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The Good and Bad of 2014 for Investors

2014 for investorsThe year 2014 has sure as hell shown a mixed bag to the investors. ‘15’ is going to usher us into a climate of uneven growth and restrained inflation, says Michael Yardney for an article on the website Property Update.

Gloomier aspects of 2014

Amongst the many debilitating aspects of the year going by, Yardney counts the end of the Quantitative Easing regime in the USA, unpatterned global growth, falling iron ore and oil prices and budget cuts in Australia as the major ones. Deflation perhaps poses a greater risk than inflation and it is not difficult to infer why. For most assets, though, the year did not come without its many silver linings.

Key themes

Some of the themes which have been at the heart of 2014 are:

  • Share markets showed resilience globally. Emerging markets, barring China and India, have not done too well, though.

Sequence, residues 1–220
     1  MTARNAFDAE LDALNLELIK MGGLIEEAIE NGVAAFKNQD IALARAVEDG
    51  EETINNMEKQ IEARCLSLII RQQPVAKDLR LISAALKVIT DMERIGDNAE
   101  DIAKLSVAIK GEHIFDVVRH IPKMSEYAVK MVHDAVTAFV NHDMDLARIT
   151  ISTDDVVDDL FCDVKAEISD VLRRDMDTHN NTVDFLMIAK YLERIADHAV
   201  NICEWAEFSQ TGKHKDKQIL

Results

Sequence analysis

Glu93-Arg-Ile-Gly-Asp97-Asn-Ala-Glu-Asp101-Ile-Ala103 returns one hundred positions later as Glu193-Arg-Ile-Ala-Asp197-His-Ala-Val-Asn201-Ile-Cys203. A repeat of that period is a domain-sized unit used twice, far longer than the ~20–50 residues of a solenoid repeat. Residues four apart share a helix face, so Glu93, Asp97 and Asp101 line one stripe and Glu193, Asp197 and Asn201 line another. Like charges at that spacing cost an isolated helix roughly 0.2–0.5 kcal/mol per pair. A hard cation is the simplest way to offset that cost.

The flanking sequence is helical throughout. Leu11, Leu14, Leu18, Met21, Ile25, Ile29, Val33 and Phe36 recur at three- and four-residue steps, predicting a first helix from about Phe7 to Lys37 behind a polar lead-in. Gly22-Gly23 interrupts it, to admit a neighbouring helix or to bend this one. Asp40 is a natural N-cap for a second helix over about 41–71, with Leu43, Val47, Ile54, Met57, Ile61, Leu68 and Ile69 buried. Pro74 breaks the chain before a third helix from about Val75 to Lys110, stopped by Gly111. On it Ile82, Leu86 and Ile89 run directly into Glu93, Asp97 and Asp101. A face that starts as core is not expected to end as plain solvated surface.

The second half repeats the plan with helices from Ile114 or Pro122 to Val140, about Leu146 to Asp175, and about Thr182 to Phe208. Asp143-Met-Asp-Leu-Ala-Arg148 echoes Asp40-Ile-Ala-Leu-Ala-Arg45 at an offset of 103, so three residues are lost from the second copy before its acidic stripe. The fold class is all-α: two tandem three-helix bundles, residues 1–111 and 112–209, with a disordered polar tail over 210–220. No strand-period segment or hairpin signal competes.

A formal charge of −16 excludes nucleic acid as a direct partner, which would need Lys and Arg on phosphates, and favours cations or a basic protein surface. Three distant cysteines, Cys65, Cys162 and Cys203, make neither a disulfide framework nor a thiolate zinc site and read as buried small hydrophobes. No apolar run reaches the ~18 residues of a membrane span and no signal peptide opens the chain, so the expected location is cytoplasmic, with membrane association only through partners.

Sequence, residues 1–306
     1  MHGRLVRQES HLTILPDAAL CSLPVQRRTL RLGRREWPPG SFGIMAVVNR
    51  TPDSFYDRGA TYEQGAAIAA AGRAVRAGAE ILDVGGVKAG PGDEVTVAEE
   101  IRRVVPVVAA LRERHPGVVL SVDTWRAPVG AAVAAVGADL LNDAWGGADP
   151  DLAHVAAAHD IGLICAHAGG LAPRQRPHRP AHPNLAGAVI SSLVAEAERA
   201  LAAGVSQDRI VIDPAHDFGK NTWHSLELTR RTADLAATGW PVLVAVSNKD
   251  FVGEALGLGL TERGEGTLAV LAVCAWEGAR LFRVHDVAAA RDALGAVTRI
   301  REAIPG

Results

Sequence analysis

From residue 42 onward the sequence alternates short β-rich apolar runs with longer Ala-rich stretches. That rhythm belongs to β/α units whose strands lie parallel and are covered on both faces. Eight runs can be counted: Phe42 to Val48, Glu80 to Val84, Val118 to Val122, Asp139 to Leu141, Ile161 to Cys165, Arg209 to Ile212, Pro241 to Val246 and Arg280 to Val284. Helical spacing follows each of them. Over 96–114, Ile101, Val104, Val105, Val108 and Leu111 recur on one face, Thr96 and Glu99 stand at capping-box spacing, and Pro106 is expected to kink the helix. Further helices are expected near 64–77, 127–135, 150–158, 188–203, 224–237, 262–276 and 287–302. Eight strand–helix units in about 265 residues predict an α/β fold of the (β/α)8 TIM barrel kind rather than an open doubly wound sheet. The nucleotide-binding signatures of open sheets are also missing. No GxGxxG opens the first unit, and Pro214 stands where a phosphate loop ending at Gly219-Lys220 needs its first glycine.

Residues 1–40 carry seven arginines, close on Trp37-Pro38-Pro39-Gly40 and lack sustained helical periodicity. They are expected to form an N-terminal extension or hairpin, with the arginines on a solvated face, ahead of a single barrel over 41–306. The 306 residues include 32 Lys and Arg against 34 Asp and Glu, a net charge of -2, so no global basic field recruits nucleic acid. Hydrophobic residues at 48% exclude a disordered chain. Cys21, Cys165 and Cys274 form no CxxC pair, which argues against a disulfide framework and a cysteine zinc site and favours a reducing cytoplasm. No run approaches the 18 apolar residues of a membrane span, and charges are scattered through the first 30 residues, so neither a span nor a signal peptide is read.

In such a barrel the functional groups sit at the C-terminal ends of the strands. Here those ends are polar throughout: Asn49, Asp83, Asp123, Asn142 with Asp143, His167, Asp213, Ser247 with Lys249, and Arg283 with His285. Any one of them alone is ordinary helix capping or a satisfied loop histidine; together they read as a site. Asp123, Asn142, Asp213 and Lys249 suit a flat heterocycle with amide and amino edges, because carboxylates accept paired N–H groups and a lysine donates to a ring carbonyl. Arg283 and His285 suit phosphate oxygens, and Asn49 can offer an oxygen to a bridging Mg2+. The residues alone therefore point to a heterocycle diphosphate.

• Oil price slumped by 32% and iron ore dropped by 47%. Commodities performed rather poorly all through.
  • Australian bonds in particular and global bonds in general performed well.
  • Investors showed an appetite to piggyback on the residential property market.
  • $A fell against its $US counterpart; what with American resurgence being something to talk about in 2014.

What 2015 may herald

At the moment the odds are good, says Yardney, that there will be a cash rate hike in the early days of 2015. If and when that happens the market has to prepare itself for a round of volatility. Property bust in China can be a cause for global concern. We will have our whole attention glued to how the non-mining sector performs in our country and what kind of impetus real estate gives to the economy.

You can read the original article here.

I recently read about the real estate lobby looking to forward its candidate for the Upper House seat in  the elections that come next to the one due in ‘15’. Real estate groups, being a big part of the economy sees this as a way to ensure that their demands (industry training) are taken more seriously by the government.

Does it seem like a practical approach? What is your opinion?